Sunday, May 30, 2004
So, we were sitting around at our house after life group today chatting (It was Marcus, Angie, Amedeo, Marta, their children and I). I have been talking to them about helping out in our kid's time during life group. During a portion of our life group (church) all the kids go to one of the back rooms of our house to have a special story and activity time that is designed just for them. We take turns teaching them on a weekly rotation. Right now, since I am leading life group in Italian, Angie and Marcus are taking turns every other week doing kid's time. That's why I was talking to Amedeo and Marta about helping out. This past week I prepared a document with the specifics of kid's time, the logistics, what goes on, etc. Then I used a function in Microsoft Word to translate it. For kids the word "capretti" came up. Naturally, as someone focusing on youth ministry, I am constantly looking for new words to describe youth and kids. Normally, when I am comfronted with a new word I doublecheck it one of my dictionaries to make sure of the accuracy of the word. In this case I triple-checked it. First by looking it up in Word's translation dictionary, by typing the Italian word in first and it came up with "kids" in English. Then I used my dictionary on my Ipaq and looked it up finding "kids" again. When I showed it to Amedeo, he smirked and said in Italian, "I'm not sure you mean this word." I said it means "kids" and is another way to describe children in English. He thought for a second and he said I don't think we would use it that way here. I started to get confused. He asked Marta and she began explaining that it had to do with sheep and goats. I sat dumbfounded for a few seconds when it hit me, what I was referring to the children as was 'little goats' or 'kids' in it's other English usage. When we explained it, we all laughed and I told Amedeo, I have to laugh at my inadequacies with the language at times, rather than cry. So at this time we will not be starting any new ministries to 'little goats.'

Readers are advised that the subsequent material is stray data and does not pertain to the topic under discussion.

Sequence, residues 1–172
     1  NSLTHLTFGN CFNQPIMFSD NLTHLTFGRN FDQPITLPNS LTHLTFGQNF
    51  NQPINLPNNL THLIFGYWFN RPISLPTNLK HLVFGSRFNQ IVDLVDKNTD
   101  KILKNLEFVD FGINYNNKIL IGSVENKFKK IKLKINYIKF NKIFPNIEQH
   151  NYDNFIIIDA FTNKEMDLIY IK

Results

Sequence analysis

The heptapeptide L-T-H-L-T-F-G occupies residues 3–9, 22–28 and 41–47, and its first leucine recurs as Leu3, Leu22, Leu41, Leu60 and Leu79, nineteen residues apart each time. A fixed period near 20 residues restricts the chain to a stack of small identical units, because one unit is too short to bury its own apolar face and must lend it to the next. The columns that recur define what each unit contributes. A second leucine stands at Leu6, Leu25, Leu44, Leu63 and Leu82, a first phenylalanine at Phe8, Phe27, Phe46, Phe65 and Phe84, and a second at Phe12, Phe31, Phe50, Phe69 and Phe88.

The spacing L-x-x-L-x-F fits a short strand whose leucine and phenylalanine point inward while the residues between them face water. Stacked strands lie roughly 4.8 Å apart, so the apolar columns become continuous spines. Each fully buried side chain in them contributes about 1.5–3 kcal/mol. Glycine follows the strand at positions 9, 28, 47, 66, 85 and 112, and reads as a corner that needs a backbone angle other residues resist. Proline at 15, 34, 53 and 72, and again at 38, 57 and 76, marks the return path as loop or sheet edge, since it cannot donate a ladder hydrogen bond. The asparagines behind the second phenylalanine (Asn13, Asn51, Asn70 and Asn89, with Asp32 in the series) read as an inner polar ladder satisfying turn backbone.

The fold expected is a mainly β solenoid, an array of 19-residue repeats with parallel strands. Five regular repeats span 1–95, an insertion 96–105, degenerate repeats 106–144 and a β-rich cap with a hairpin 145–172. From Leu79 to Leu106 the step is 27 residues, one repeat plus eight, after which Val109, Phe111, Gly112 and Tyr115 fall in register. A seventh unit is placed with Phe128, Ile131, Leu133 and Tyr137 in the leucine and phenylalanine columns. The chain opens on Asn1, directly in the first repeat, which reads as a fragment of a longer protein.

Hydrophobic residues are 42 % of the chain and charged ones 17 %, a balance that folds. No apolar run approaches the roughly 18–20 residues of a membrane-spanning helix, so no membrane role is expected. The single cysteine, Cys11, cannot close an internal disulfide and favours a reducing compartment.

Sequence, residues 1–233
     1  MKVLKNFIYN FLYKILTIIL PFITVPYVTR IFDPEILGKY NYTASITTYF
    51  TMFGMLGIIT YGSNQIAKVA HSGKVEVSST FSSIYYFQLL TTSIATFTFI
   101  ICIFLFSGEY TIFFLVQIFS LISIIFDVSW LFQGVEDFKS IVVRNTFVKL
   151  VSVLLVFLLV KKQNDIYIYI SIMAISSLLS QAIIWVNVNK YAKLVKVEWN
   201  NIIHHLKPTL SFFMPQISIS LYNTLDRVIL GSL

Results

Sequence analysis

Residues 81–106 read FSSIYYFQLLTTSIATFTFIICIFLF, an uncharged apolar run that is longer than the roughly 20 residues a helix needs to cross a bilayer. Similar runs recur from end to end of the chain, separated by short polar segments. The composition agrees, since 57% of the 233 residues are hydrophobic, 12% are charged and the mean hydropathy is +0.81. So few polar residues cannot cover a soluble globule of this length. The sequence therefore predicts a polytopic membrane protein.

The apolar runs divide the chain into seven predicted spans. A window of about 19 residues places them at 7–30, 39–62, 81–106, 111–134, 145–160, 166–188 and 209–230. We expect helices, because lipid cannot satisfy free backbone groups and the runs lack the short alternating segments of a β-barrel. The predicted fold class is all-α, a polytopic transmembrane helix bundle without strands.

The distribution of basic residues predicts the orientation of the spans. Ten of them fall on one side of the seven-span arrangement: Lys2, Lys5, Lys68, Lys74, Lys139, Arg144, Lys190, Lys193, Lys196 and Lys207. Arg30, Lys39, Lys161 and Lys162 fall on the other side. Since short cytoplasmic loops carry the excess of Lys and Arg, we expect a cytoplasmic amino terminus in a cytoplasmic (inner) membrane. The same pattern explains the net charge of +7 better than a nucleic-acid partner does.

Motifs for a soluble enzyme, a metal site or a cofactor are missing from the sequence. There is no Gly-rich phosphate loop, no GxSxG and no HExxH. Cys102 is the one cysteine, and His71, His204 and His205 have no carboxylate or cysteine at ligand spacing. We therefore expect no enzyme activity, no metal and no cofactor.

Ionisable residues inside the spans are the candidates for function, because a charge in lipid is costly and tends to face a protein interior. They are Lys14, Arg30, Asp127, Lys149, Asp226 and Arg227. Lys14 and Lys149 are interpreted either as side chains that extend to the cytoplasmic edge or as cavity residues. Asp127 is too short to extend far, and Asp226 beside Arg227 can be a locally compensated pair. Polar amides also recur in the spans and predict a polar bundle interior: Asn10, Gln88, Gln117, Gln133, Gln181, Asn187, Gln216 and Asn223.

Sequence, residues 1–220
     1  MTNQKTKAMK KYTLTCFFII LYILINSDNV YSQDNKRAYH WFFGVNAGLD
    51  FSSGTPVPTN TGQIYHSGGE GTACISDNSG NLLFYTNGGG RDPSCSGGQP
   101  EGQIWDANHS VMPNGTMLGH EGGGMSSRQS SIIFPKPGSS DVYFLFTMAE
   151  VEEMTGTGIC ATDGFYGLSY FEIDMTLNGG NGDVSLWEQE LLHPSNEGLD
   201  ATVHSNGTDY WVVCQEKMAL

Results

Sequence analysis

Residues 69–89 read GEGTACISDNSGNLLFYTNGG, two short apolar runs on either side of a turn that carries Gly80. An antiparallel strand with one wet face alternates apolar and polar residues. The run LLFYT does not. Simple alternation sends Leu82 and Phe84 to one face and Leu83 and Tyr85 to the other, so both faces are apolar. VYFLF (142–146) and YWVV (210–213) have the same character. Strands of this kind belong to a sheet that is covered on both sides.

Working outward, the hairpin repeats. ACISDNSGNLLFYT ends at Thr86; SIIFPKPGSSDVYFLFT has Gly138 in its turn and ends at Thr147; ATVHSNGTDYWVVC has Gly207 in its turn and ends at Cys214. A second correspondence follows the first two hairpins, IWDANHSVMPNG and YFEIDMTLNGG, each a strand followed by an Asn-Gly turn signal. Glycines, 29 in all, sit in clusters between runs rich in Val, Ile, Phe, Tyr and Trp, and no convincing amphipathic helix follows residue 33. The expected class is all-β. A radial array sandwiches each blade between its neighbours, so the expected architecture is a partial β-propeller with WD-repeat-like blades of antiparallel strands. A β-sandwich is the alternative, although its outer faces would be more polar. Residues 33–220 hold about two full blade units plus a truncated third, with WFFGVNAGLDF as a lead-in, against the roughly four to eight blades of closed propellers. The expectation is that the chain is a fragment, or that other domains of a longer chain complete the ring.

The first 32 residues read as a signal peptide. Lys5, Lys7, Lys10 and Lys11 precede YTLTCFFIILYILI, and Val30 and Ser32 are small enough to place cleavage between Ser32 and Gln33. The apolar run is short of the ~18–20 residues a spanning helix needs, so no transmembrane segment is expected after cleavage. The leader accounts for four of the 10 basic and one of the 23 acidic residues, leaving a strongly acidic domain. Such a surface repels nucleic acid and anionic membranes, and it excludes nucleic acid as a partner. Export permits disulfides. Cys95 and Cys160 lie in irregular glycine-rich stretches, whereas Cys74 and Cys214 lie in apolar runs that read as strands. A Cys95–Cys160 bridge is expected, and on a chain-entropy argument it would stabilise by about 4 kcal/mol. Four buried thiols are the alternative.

Posted by Matt Crosser at 5/30/2004 06:59:00 AM